Three of the fighters are difficult to work into the act. They are the P-47 Thunderbolt, the P-63E and the P-38. "They simply aren't as maneuverable as the others," Nolen explains, "but they are among the ones people are always asking us to bring to shows." The P-47 is flown by an ex-Thunderbolt veteran, Ed Payne, a Dodge dealer in neighboring Weslaco who had 102 missions in Europe during the war. The P-63E normally is piloted by Ernie Young, who has a flying school in the valley. "Colonel Culpeper, by all rights," says Nolen, "should have given Ernie a Silver Magnolia Blossom for a ride in the P-63E from Mercedes to Randolph Field in San Antonio. The thing sprung a fuel leak, and Ernie's legs were soaked in the cockpit, but he brought her in. Just one tiny spark and...."
To keep the colonels from having too many unusual incidents, because of stunting or otherwise, they have a widely respected and enormously experienced pilot among them who admits, "I don't particularly like flying upside down." He is Dick Disney, the Federal Aviation Agency's examiner for the area. Oldest of the group at 48, Disney has 30 years' flying experience behind him. He was a C-47 transport pilot during the war, and for 11 years after that he was a captain for Northwest Air Lines. He is the Rebels' checkout man and the only pilot who flies all nine fighters.
Of the colonels, Disney says: "They are all very good pilots. There is no doubt in my mind that any of them could fly any of these planes, but a lot of them don't want to take the time to learn cockpit management. They have all the fun they want to in just one or two of them, the ones they piloted during the war. They take them home to show their friends and keep them for a week or two. Things like that."
The colonels rely on Disney for other valuable help. He plays the piano and the ukulele as easily as he flies the planes, and he is frequently called upon at the Officers' Club, a two-story building located about one Whifferdill from the hangars, to lead the colonels and their wives in a chorus of Yellow Rose of Texas or, later in the evening, in some of the airmen's more notable—and less printable—songs such as Save a Fighter Pilot and I Wanted Wings.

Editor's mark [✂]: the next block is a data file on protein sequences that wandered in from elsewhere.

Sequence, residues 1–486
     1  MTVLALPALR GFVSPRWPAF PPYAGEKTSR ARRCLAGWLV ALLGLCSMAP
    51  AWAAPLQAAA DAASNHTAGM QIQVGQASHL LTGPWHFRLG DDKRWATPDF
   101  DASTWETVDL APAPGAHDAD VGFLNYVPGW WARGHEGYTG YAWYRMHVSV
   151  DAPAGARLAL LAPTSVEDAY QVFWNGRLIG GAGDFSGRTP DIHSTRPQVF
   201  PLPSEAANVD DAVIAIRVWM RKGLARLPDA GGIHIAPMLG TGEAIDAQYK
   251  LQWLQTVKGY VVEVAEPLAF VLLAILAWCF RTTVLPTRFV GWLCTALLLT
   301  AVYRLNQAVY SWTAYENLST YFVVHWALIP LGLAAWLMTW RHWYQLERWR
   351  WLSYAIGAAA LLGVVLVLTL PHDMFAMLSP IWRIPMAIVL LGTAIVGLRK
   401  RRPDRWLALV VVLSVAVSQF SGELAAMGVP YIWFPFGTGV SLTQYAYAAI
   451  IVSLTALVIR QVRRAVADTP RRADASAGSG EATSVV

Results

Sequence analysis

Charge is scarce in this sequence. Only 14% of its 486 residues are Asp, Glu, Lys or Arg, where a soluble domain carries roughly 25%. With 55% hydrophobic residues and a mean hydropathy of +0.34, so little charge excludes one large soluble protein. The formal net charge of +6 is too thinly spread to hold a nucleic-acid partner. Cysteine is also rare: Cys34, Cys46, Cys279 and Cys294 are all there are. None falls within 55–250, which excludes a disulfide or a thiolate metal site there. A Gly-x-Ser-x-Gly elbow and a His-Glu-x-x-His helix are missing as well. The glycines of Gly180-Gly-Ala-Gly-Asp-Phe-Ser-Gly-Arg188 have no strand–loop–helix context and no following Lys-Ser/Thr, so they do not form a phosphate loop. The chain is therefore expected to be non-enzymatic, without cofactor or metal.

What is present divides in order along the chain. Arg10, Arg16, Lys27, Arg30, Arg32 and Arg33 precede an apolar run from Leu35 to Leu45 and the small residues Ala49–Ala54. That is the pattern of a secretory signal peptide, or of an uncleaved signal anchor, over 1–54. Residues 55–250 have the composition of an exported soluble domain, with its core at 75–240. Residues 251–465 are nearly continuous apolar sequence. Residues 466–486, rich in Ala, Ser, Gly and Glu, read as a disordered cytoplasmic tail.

Things would be swell for the Confederate Air Force if all the colonels had to do was sing their songs on Saturday night and loop their loops on Sunday afternoon. But there is that money problem. The Rebel bank account often dips lower than Roscoe Norman in the Mustang. Says Nolen: "We can keep these planes up for 25 years, but it's going to take money. We may have to start charging for the shows. We need parts badly. And it looks like the only way we can get them is to buy up other old fighters—if we can find them. We also need a good place to store the planes. A real museum on the ground. Something nice where we can have plaques made up giving their history, where visitors can climb in them. This could be the best tourist attraction in the valley." Nolen, who is dangerously close to becoming the Flo Ziegfeld of the Rio Grande, has one other fling in mind. "When we get us a Spitfire and Messerschmitt," he says, "we'll dress them up in their old war paint and insignia. Then at shows we can chase the 109 and shoot him down. He can pull a stall-out and a spin, maybe release some smoke, and have a sky diver bail out. Wouldn't that be sensational?" Yes sir, Colonel, it sure would. A man ought to be awarded the Silver Magnolia Blossom just for thinking up such a thing.
With his flight-hetmet-by-Stetson mirrored in the canopy like a parachuting wraith, a Rebel pilot in a P-51 trails a Hellcat (left) and a Bearcat into mock battle.
Four great planes, the F8F Bearcat (top), P-51 Mustang, F4U Corsair and P-38 Lightning, sparkle in the Rio Grande Valley sun as their joy-seeking pilots prepare to peel off for low-level strafing runs that may scare even the boll weevils in the cotton fields below.
In the office of the Mercedes Flying Service, Confederate Air Force Founder Lloyd P. Nolen (center) plots a set of Whifferdills with two CAF aces, Roscoe Norman (left) and Dick Disney.